But he still has his little boy! Helga thought, angry with him for denying his son the right to grow up with the real Arnold, the Arnold she remembered, who would have made a great father. She sighed – she was certain he was still probably a better father than most, including and especially Big Bob. Arnold always hated Big Bob, she recalled happily. She remembered the night he’d staged a protest when Big Bob had tried to cut down the tree that housed the city’s old tree fort. Helga had joined him, claiming that she was simply trying to tick her father off (this was partly true) but mostly because she wanted to get behind any cause Arnold would support – he was so unfalteringly good, so destined for happiness.

What then, had happened to him? What cruel fate had allowed Arnold, who had lost everyone he had ever felt close to, to lose his wife?

It was Arnold’s confession to her that his life was in shambles that was making Helga the most uneasy. Why couldn’t he just be proud like her, and pretend for the sake of impressing her that everything was okay? The fact that he had willingly divulged his dreary situation really said something about how bad things had gotten for him. There was only one other time Helga could think of when Arnold had shared the painful secrets of his life with her. And that had been when they were eighteen, on the senior camping trip …

A stupid excursion that Miriam forced her to attend…



Helga pulled her pack up the hill toward camp, following behind Rhonda and her cronies. They were all whining about not being able to plug in their hair-dryers.

" Nobody better take any pictures!" Rhonda warned, " My hair goes absolutely flat in this horrible natural air!"

" Oh, Rhonda, shut up!" Helga growled, pushing her out of the way.

" Nobody’d waste film on you, anyway, bubble-head!" The girls in Rhonda’s gang tsk-tsk’d as always, shooting back insults as Helga tromped away. She wished Curly or Brainy were around to chuckle at her joke, but Curly’s parents couldn’t afford to send him on the senior trip, and Brainy had a science convention this weekend.

Helga set up her sleeping bag near Phoebe and Nadine, the two girls who were still marginally nice to her.

" Hi, Helga," Phoebe said, trying to be cheerful. Nadine looked a little frightened. Ever since she’d seen Helga pound the crap out of Harold in eighth grade for saying she had a unibrow, Nadine had seemed quite terrified of her. (And also since that day, Helga had become an expert at eye-brow plucking).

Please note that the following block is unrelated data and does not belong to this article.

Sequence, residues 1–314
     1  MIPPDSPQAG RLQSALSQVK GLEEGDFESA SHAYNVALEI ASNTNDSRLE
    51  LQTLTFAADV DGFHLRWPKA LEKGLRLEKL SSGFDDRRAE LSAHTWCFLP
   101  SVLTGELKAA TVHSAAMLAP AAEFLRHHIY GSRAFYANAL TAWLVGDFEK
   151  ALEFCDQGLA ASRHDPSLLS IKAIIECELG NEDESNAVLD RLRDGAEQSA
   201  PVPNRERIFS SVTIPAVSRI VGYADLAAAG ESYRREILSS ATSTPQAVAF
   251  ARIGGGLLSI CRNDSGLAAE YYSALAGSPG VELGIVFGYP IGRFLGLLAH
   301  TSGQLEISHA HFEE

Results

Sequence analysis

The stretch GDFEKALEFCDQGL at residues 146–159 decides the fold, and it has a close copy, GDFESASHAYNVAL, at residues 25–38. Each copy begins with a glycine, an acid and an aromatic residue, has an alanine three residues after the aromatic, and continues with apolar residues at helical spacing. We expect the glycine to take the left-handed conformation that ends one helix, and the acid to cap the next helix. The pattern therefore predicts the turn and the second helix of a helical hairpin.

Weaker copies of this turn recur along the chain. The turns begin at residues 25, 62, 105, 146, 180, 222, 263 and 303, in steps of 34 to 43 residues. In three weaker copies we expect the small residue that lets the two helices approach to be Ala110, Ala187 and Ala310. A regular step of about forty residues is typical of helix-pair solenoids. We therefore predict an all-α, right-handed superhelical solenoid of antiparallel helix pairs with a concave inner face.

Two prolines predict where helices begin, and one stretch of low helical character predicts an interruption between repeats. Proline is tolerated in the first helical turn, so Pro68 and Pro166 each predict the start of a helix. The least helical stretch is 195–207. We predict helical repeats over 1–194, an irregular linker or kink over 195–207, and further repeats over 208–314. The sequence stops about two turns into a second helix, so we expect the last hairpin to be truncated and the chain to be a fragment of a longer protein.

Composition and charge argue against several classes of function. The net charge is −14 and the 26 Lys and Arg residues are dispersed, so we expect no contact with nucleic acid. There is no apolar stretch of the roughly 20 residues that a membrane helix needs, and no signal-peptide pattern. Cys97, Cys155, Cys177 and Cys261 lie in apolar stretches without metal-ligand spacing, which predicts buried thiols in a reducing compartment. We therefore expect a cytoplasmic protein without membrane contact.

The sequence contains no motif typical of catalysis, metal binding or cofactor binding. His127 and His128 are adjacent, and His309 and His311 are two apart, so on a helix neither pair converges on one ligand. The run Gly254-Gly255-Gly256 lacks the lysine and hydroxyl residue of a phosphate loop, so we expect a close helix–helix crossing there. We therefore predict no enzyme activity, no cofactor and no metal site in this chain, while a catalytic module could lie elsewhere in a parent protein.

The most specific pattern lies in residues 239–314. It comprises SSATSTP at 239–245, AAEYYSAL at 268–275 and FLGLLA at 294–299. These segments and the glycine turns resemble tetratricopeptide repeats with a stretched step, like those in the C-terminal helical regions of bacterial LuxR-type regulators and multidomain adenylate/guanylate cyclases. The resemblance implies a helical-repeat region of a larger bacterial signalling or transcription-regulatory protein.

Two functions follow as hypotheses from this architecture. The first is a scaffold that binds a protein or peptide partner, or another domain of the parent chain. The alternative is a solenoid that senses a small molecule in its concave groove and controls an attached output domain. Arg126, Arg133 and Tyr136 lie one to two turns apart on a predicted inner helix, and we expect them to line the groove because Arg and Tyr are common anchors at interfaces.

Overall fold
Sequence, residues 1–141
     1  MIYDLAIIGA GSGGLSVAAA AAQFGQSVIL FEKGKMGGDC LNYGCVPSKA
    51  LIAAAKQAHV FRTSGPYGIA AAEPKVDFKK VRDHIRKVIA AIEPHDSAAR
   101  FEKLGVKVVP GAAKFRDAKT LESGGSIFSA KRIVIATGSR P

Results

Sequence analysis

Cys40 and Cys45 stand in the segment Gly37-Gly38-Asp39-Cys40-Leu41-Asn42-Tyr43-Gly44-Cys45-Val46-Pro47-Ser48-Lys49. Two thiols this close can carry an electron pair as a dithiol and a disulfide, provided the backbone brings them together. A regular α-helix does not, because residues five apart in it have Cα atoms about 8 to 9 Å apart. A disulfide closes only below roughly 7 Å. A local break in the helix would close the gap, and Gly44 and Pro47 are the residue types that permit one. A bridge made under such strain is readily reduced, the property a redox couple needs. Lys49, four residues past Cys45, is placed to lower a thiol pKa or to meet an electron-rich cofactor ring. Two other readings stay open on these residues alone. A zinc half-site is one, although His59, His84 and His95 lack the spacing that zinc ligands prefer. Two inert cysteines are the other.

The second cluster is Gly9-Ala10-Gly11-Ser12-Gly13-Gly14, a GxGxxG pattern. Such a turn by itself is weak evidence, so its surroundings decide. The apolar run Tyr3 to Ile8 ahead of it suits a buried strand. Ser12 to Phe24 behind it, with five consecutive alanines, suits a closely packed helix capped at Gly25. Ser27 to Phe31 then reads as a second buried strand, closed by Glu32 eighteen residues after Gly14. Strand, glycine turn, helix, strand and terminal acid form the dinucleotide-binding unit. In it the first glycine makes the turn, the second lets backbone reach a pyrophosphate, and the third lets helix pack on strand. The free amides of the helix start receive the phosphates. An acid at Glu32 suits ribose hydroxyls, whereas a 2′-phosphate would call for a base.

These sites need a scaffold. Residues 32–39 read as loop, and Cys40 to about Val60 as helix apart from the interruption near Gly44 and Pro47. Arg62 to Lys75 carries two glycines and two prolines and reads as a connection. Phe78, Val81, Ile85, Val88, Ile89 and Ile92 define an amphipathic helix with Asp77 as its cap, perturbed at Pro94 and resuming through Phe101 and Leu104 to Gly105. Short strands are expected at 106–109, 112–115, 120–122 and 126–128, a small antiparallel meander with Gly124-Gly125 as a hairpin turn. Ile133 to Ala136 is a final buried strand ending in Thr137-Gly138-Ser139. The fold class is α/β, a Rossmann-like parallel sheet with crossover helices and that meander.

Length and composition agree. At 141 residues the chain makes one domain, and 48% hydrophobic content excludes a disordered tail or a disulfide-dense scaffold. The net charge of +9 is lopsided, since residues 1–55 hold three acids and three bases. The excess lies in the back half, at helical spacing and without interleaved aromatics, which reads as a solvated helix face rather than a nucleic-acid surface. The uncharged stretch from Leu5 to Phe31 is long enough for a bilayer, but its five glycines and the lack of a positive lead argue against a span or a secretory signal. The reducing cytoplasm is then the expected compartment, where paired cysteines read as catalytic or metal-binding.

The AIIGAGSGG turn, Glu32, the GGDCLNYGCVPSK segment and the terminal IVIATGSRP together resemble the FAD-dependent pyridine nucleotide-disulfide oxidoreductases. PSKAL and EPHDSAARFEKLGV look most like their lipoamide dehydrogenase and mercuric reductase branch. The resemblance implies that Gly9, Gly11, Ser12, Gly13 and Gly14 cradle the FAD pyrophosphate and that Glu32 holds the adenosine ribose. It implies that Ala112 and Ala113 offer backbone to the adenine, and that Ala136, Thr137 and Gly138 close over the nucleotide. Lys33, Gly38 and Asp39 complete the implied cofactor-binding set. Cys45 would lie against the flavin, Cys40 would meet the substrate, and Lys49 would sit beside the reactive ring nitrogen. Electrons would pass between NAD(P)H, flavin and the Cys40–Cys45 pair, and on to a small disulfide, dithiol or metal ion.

" Hey, Pheebs," Helga greeted her former best-friend, hoping to keep things light. She didn’t want to be there, but her mother had forced her to go as a last-ditch effort to encourage her daughter to make more friends. Helga had brought her smokes, a copy of Jack Kerovac’s On the Road, and a small flask full of Big Bob’s best whiskey to occupy her during this campfire song fest.

The night went by without incident, with Helga glaring across the campfire over the top of her novel at the terrible twosome: Arnold and Ansley. The "Double A" sat roasting marshmallows and smooching like a couple of batteries from hell. Arnold was a white-bread goody-goody clod that Helga had crushed on when she was younger, and Ansley was the teacher’s pet, who was planning on serenading the class with her ‘expert’ violin playing skills. Helga felt like barfing at the very suggestion, and when everyone (including Phoebe, the traitor), applauded Ansley as she stepped up and placed her delicate, pimple-less chin on her violin, Helga grabbed her book and her whiskey and took off to find a place to be alone: someplace out of earshot of Ansley’s little concert.

She found a brook leading away from camp, and figured it would be pretty easy to find her way back if she just followed the brook in the direction she’d come. So, she walked along until she could no longer hear the sound of music from the campsite, or the happy chattering of her classmates. She found a felled tree that made a nice spot to sit, and she plopped down, attempting to read, but mostly just slugging whiskey and wishing Ansley would get eaten by a bear.

Suddenly she heard footsteps coming toward her and her breath caught: I take it back! She thought quickly, please, no bears!

But instead of a ferocious grizzly, it was Arnold who emerged from the forest, and approached her in the clearing near the brook.

" Hmph," Helga groaned, " What the hell do you want, Football head?"

" Quit calling me that," he said, frowning, " Grow up."
" Look!" Helga shouted, throwing down her book, " I didn’t come out here because I felt like being harassed by a holier-than-thou jerk! I came out here to be alone. So why don’t you go worship your little girlfriend some more, and just leave me out of it."

" Helga," he said, giving her one of his deep in thought-dilemma sighs, " I don’t worship her. And I came out here because I didn’t want you drinking yourself into a stupor and getting lost."

" What do you care, you stick-in-the-mud?" she asked, taking a big swig from her flask to spite him.

" I … don’t know," he said, " Its just the way I was raised. Now get rid of that stuff, willya? Mr. Dean will kill you if he catches you with that."